info_outline The UK National Grid: history of an energy landscape and its impacts 03/06/2015
The UK National Grid: history of an energy landscape and its impacts We take electricity for granted and do not think of where it comes from when we switch on a light or use an electrical appliance. But behind the electricity coming out of a wall socket lays an entire energy landscape of poles, wires, electrical substations and power stations. It is imposed on the landscape like a gigantic web, a grid that has become almost part of the natural scenery.
info_outline Environmental history of a hydrological landscape: the soughs of Derbyshire 02/11/2015
Environmental history of a hydrological landscape: the soughs of Derbyshire Under the Peak District of Derbyshire is an subterranean network of drainage tunnels, the so-called soughs that were used to drain the lead mines of the region.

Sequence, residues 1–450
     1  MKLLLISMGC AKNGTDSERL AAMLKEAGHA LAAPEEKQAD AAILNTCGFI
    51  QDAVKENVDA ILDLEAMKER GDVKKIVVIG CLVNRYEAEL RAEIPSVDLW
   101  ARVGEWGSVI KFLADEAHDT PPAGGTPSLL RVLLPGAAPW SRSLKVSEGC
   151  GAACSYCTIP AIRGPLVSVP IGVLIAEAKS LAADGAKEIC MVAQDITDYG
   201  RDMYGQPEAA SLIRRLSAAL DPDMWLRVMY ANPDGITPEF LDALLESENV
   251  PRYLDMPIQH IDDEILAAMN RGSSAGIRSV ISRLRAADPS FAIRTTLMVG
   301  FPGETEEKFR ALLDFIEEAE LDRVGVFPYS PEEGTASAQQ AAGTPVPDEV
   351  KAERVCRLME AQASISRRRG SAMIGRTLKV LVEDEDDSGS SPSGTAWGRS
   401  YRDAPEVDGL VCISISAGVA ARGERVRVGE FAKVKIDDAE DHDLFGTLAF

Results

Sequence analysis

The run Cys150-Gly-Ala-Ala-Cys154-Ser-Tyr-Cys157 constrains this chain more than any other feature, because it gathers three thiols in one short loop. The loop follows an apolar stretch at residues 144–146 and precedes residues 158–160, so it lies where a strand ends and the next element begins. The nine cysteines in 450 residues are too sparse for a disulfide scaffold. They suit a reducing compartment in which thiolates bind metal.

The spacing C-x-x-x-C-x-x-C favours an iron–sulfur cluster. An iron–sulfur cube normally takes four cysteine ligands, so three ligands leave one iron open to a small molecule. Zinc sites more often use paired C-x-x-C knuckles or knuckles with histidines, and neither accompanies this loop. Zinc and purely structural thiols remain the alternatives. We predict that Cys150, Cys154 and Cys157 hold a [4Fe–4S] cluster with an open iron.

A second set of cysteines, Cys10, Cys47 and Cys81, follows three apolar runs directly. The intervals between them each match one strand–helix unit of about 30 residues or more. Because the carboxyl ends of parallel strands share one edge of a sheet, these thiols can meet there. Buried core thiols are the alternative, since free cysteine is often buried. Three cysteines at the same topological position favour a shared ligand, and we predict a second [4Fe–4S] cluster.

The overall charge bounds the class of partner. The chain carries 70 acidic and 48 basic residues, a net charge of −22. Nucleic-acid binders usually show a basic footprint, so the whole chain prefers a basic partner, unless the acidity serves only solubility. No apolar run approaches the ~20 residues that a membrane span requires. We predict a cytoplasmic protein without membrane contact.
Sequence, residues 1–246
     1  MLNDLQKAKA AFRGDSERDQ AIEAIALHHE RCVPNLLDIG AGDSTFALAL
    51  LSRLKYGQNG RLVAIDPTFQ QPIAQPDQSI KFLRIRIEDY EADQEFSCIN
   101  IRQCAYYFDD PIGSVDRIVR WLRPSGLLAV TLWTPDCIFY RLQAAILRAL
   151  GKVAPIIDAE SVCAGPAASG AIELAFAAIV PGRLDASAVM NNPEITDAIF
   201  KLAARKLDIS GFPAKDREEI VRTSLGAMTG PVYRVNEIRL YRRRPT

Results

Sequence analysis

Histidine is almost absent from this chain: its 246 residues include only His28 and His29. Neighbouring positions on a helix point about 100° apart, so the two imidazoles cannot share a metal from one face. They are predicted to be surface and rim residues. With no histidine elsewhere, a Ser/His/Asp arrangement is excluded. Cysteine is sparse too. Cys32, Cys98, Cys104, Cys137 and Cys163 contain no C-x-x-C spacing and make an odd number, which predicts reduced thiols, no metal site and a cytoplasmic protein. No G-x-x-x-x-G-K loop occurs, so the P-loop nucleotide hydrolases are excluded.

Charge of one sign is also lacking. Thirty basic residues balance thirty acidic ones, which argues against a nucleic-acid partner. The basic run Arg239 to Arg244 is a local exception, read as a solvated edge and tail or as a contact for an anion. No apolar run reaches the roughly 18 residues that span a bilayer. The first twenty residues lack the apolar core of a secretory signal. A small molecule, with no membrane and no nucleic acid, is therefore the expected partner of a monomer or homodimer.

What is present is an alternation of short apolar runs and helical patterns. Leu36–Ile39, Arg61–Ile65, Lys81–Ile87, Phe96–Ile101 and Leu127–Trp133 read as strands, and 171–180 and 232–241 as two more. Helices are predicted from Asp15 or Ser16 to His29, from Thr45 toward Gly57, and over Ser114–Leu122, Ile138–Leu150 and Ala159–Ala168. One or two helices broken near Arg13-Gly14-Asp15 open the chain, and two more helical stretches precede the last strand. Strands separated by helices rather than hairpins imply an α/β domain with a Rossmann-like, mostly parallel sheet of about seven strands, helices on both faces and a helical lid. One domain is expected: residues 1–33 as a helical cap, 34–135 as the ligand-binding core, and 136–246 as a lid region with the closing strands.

info_outline Tin: a historical perspective on a networked resource 01/24/2015
Tin: a historical perspective on a networked resource The history of human civilization is closely linked to the exploitation of mineral resources. It is no coincidence that the periodization of prehistory and antiquity has been chosen according to the main metals in use: stone, bronze and iron. It shows the centrality of the exploitation and production of these mineral resources in human history. Since the Industrial Revolution metals have become global commodities, including tin. The importance of tin increased with the invention of canned food in the 19th century, and during the 20th century with the rise of the electronics industry. Both of these factors made tin a strategic resource not seen since the days that it was used in the production of bronze for weaponry.
info_outline Climate variability and population dynamics in prehistoric Australia 10/27/2014